Summary: The unique story of a man searching for a family.
It’s really noteworthy that, among the family biographies in the Bible, you find that dysfunction is not the exception; it’s the norm.
Adam & Eve messed up in paradise and their first son murdered their second. (Gen. 3)
Noah got drunk and naked in front of one of his sons. (Gen. 9)
Abraham lied about his wife Sarah being his sister, allowing other men to walk off with her - two times! (Gen. 12 & 20); and had a child by his wife’s maid Hagar at his wife’s insistence! (Gen. 16)
Job, a contemporary of Abraham, the epitome of faith, yet married to a woman who told him to "curse God and die." (Job 2:9)
Jacob, the pathological deceiver (Gen. 25,27,30), married Rachel the kleptomaniac. (Gen. 31)
Rueben, Jacob’s eldest, slept with his father’s mistress. (Gen. 35)
Moses had a temper problem; his sister Miriam a jealousy problem; and his brother Aaron was weak-willed.
Samson, a judge in Israel, put Arnold Schwarzenegger to shame strength-wise, but was weak around women. (Judges 16)
Eli the priest raised two sons that extorted money from people in the tabernacle. God was patient with Eli for years, asking him to deal with his sons, but Eli remained complacent, forcing God to remove Eli’s family from being priests and replacing him with Samuel who goes on to raise a family similar to Eli’s. (1 Samuel 2, 4)
King David had multiple wives. A son from one marriage raped his half-sister from another marriage, another son murdered the rapist, and a third son tried to take David’s throne from him. (2 Samuel)
Another of David’s sons, King Solomon, apparently spent the middle part of his life as a sex addict. (1 Kings)
Even many of the prophets struggled with broken families.
Why do I bring up these familiar family failures from the Bible? Because it highlights God’s willingness to work with imperfect families.
We’re in the series, "No Perfect Families Allowed" where we’ve been looking at the biographies of biblical families in order to learn from them in ways that will benefit our families. I hope you’ve been encouraged but I also hope that you’ve been challenged.
I said it in the first message in this series and I reiterate, at Pathway, we have struggling families, we have stressed families and we have good families working to be better families - but we don’t have any perfect families. Neither does any other church. Perfect families, like perfect people, don’t exist. I don’t say that to motivate you to go out and be satisfied with a crummy family life, but to give you hope.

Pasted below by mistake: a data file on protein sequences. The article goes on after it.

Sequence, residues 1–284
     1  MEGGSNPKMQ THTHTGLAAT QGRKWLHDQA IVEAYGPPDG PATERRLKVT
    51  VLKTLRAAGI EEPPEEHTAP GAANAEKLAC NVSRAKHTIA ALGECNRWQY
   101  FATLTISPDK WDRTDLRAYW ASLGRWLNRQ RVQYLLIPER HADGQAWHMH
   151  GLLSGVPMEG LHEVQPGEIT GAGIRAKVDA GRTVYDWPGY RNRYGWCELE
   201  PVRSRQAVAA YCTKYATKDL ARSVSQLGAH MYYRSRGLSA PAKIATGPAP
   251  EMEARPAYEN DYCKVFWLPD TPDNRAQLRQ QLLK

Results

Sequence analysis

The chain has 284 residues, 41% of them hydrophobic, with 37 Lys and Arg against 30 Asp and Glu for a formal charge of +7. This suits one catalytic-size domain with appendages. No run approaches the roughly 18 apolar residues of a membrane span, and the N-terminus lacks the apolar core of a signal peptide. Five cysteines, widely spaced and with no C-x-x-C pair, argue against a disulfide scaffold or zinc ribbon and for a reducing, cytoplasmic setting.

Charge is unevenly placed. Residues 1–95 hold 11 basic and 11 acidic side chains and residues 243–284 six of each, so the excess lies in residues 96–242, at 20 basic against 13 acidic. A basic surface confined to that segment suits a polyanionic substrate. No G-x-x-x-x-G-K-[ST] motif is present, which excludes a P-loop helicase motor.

One of the reasons a lot of people give up on improving their family life is that they lose hope. They throw up their hands and say, "What’s the use? There’s nothing I can do to make things better." That’s a satanic lie. People end up going around in self-destructive circles because they believe the devil’s lie that you can’t change.
You can improve your family even if you’re single - because with God’s help - you can improve you! If you’re married you can improve your marriage. If you’re a parent or a grandparent or you have problems with your siblings or your in-laws - whatever - all of these relationships can be improved with God’s help.
With God there is always hope!
So we’re going to close out this current series on "No Perfect Families Allowed," by talking about someone in the Bible that you probably never dreamed we would talk about in this series - a single man.
The message today is "The Family for People without a Family."
Here’s his very interesting story from Acts chapter 8.
26 As for Philip, an angel of the Lord said to him, "Go south down the desert road that runs from Jerusalem to Gaza." 27 So he started out, and he met the treasurer of Ethiopia, a eunuch of great authority under the Kandake, the queen of Ethiopia. The eunuch had gone to Jerusalem to worship, 28 and he was now returning. Seated in his carriage, he was reading aloud from the book of the prophet Isaiah.
29 The Holy Spirit said to Philip, "Go over and walk along beside the carriage." 30 Philip ran over and heard the man reading from the prophet Isaiah. Philip asked, "Do you understand what you are reading?"
31 The man replied, "How can I, unless someone instructs me?" And he urged Philip to come up into the carriage and sit with him.
32 The passage of Scripture he had been reading was this: "He was led like a sheep to the slaughter. And as a lamb is silent before the shearers, he did not open his mouth. 33 He was humiliated and received no justice. Who can speak of his descendants? For his life was taken from the earth."